Hanging is possibly one of the most brutal methods of executing a death sentence. Although this form of capital punishment is now prohibited in the United States, it was widely used during the 19th century. For the accused, this often meant a long march to the gallows, and then an uncertainty about how long it would take to die and whether it would be painful. This period of time and the prisoner’s level of discomfort often depended on the executioner’s method of hanging. With a hanging, there is more than simply putting a rope around a person’s neck and dropping it. Of course, the end result is almost always the same, but the process can have some variations.
Short fall. The short fall method of hanging a person was perhaps a convict’s worst nightmare. Commonly used before 1850, it usually involved a cart, horse, or stool, which was removed once the prisoner had a noose around his neck. The fall was typically only at a distance of a few cases, so the person was slowly strangled to death. The weight of his dangling body and his struggle worked to tighten the noose, which would eventually close the prisoner’s airway and crush his carotid artery. Not only was it a slow death, it was also quite painful.
Long fall. The long fall developed as a more humane way of putting prisoners to death. Unlike the short fall, where everyone falls the same distance, the long fall is designed so that a person’s body weight determines the distance of the fall, usually between six and ten feet. This method also ensured that the neck was broken rather than the prisoner slowly dying from strangulation. However, there were some notable cases where the long fall did not work out as planned and the condemned man was beheaded. This gruesome event would occur when the rope was too long and the force of the fall was too great for the victim’s body to support. However, in general, the prolonged fall was seen as a human advance in this form of capital punishment. Although the practice is commonly considered to have been “invented” in the 1870s, it was in fact used prior to this. One of the first recorded cases in which the long fall was used was during the execution of Octavius Barron in Rochester, New York. It was the year 1838 and Barron had been sentenced to death for the murder of William Lyman. Lyman was a respected and well-loved businessman in the city, so when Barron ruthlessly robbed him and killed him, the citizens of Rochester were quick to impose the harshest possible punishment. On June 7, 1838, Barron stepped on a hatch that, when opened, would drop him several feet to death. A journalist observed this new method of hanging and noted that Barron died quickly and without a fight.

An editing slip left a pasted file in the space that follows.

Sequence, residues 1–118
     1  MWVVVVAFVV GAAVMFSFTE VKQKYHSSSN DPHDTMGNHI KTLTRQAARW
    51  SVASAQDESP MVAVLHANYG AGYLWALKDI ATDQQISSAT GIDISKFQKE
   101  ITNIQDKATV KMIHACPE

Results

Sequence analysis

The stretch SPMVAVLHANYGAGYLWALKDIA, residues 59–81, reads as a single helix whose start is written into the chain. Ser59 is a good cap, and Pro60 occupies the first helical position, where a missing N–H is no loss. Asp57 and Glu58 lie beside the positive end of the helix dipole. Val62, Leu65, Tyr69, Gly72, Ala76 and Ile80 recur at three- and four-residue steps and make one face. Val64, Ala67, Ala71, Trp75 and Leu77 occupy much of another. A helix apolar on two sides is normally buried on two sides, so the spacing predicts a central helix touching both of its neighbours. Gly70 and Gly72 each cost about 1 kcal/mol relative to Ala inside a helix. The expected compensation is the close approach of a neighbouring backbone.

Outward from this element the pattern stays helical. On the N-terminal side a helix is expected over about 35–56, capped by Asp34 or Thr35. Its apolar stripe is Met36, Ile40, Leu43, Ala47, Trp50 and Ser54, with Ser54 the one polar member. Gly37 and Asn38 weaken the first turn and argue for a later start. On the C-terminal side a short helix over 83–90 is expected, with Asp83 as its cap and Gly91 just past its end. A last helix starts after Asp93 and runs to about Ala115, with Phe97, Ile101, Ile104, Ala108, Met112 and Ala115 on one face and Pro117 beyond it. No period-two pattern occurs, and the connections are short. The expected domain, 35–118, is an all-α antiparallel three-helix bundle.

There are also two other hanging methods, the standard drop and the hanging suspension. The standard fall is very similar to the long fall, with prisoners falling four to six feet to their death. The main difference here is that body weight is not taken into account in determining the fall distance in a standard fall. A suspension drop, on the other hand, works in the opposite way, lifting the condemned up with a crane or some other lifting device.